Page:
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Types of Procedures | 1-877-WHY-WEIGHT

Laparoscopy is the technical term for minimally invasive surgical procedures, requiring only the tiniest of incisions. Michigan Bariatric Institute specializes in providing our patients with three different bariatric surgery options. They are:

Laparoscopic Gastric Bypass
Considered the "gold standard" of weight loss surgery, laparoscopic gastric bypass is the most often-prescribed weight-loss surgical procedure in the U.S. It involves surgically creating, from the existing stomach, an approximately 1 ounce stomach pouch located at the uppermost portion of the stomach and then connecting this newly fashioned stomach pouch to a shorter length of small intestine. This is the only procedure that bypasses both the remaining portion of stomach and a significant length of small intestine, effectively decreasing caloric intake and decreasing hormone creation, which stimulates appetite. With a laparoscopic gastric bypass, patients don't eat as much, don't retain as many calories, and don't get as hungry as they did before.

Patients on average lose 70 percent of their excess body weight and cures diabetes in 84 percent of patients, even some of those on insulin injections. Those who are not fully cured of diabetes at the very least experience improvements in their conditions. Sleep apnea is eliminated in nearly 87 percent of patients. High blood pressure and reflux disease is eliminated in 75 percent of patients. Joint disease is eliminated in 40 percent of patients, and the list of health improvements continues on and on. Gastric bypass patients, on average, lose 70 percent of their excess body weight. Dr. Zeni is extensively experienced in this particular surgery and will gladly answer any questions that you may have.

Laparoscopic Sleeve Gastrectomy
Laparoscopic sleeve gastrectomy has become an increasingly common operation offered to obese patients. It is a restrictive procedure that decreases the stomach volume by 80 percent. The remainder of the intestine remains the same and food digests the same as it normally would. Therefore, food is normally absorbed and there is no risk of vitamin or mineral malabsorption. The small size of the new stomach limits caloric intake and decreases some hormones that stimulate appetite. Therefore, patients feel less hungry.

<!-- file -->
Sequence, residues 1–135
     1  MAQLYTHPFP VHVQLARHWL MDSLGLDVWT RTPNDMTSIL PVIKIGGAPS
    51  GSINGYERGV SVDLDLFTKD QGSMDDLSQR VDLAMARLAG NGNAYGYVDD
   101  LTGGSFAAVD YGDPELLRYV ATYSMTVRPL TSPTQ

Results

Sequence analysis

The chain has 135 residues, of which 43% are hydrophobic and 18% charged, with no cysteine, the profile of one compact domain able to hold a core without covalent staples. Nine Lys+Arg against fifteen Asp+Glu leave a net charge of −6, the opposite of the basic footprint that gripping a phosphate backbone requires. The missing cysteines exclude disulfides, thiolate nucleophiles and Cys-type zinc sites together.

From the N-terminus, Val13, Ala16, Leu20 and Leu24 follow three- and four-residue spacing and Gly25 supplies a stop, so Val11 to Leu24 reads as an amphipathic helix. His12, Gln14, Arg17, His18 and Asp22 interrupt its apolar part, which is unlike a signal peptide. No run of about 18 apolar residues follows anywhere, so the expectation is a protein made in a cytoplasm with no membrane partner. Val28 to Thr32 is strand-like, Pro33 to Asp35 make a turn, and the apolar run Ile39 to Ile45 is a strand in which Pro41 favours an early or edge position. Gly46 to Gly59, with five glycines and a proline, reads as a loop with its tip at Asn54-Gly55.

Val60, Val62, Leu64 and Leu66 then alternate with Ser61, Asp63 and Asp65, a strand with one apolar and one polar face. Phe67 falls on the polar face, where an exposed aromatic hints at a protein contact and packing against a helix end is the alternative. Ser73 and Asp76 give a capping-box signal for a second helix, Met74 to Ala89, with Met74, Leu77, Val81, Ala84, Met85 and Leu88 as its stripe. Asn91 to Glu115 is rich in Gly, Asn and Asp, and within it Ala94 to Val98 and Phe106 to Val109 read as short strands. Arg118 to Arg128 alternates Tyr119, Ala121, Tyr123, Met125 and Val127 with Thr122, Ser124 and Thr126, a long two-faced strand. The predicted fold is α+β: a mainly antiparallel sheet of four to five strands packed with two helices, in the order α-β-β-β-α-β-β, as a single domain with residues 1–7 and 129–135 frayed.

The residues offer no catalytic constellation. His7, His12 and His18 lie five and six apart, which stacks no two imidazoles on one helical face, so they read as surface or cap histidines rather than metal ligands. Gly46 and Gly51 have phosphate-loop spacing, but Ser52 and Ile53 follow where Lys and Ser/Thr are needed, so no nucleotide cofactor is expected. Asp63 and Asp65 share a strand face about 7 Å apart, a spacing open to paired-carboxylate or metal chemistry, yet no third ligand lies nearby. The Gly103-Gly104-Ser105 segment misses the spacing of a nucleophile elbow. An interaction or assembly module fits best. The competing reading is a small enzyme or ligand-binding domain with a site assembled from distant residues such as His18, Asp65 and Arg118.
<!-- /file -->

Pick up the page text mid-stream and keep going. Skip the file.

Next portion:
However, there is increasing evidence the surgery does much more than decrease a patient's stomach to limit the amount of room for food. The University of Cincinnati has been looking at how after sleeve gastrctomy, there is a change in bile acids and bacterial groups that are in the stomach naturally. The change in acids and bacteria influences weight loss and type II diabetes. Also, the surgery has shown to decrease the hormone ghrelin, which is a hormone that acts in the brain to increase hunger. The sleeve gastrectomy may be a restrictive procedure but it is becoming more clear that its effects have a profound impact on metabolism that help people lose weight and reduce weight-related medical conditions.

Laparoscopic Adjustable Gastric Banding
The laparoscopic adjustable gastric banding or "lap band" involves placing a synthetic band around the uppermost portion of the stomach. The band is then tightened and adjusted to limit intake and curtail hunger.

The band does not cause any anatomical changes and no risk of nutrient malabsorption. The band has several other advantages. First, it is adjustable. The band allows for an individualized degree of food restriction, pregnancy is supported by allowing for increased nutritional needs and adjustments are easily performed in the surgeon's office. A second advantage is its reversibility. The band is removable at any time and anatomy is restored to its original form. The bad has fewer side effects and fewer risks.

However, in comparing the results to other bariatric surgeries, the lap band results in less weight loss and less resolution of medical ailments which often accompany obesity, such as fatigue, depression, high blood pressure and diabetes.

Non-surgical band adjustments at regular intervals and close follow-up are needed to optimize weight loss, and for the motivated patient, laparoscopic adjustable gastric banding can be associated with effective weight loss. 

duodenal-switch Laparoscopic Duodenal Switch
Laparoscopic Duodenal Switch is the most complex bariatric surgery. First, a laparoscopic sleeve gastrectomy is performed to reduce intake. Next, 80 percent of the small intestine is bypassed and connected to the duodenal to limit the number of calories absorbed by the body. The laparoscopic duodenal switch involves both restriction and malabsorption and leads to the best weight loss of all bariatric surgeries. Patient compliance is crucial for this surgery.

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